The FTP (Federal Test Procedure) heavy-duty transient cycle is used for regulatory emission testing of heavy-duty on-road engines in the United States [CFR Title 40, Part 86.1333]. The FTP transient test is based on the UDDS chassis dynamometer driving cycle. The cycle includes “motoring” segments and, therefore, requires a DC or AC electric dynamometer capable of both absorbing and supplying power.
The transient test was developed to take into account a variety of heavy-duty truck and bus driving patterns in American cities, including traffic in and around the cities on roads and expressways. The FTP cycle consists of four phases, including (1) New York Non Freeway (NYNF) phase typical of light urban traffic with frequent stops and starts, (2) Los Angeles Non Freeway (LANF) phase typical of crowded urban traffic with few stops, (3) Los Angeles Freeway (LAFY) phase simulating crowded expressway traffic in Los Angeles, followed by (4) a repetition of the first NYNF phase. The variation of normalized speed and torque with time is shown below:
The equivalent average vehicle speed is about 30 km/h and the equivalent distance traveled is 10.3 km for a running time of 1200 s. The average load factor of the FTP cycle is roughly 20-25% of the maximum engine power available at a given engine speed. Heavy duty diesel engines tested on the FTP cycle produce medium to high exhaust gas temperatures. Generally, the temperature is at a medium level between 250 and 350°C, but there are hot sections with temperatures reaching as high as 450°C.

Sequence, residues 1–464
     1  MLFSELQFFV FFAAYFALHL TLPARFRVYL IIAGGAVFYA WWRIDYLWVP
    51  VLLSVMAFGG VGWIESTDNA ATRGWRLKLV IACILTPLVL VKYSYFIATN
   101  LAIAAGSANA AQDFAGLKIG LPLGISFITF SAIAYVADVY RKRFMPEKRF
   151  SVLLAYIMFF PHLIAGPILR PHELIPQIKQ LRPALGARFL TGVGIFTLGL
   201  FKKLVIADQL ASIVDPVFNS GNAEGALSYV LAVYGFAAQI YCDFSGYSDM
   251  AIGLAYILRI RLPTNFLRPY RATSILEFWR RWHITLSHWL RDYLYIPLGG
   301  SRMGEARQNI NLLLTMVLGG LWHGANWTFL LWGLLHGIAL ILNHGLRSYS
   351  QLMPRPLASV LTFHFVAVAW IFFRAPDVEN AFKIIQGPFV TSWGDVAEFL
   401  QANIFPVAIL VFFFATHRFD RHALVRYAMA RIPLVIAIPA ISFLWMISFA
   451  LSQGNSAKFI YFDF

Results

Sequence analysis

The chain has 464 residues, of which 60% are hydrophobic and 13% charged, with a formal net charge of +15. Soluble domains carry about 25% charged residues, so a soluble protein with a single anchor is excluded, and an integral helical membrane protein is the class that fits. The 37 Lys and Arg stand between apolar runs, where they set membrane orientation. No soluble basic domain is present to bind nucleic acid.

The cycle is run as both a cold- and hot-start test. Typically, the engine is soaked overnight and a cold-start test is performed in the morning. The cold-start test is followed by a 20-minute soak period and a minimum of three consecutive hot-start tests, with a 20-minute soak period between each hot-start test. The composite, brake-specific FTP results are obtained by dividing the weighed emissions and fuel consumption (in grams) by the weighed mechanical work (in bhp-hr), using a weighing factor of 1/7 and 6/7 for the cold- and hot-start results, respectively.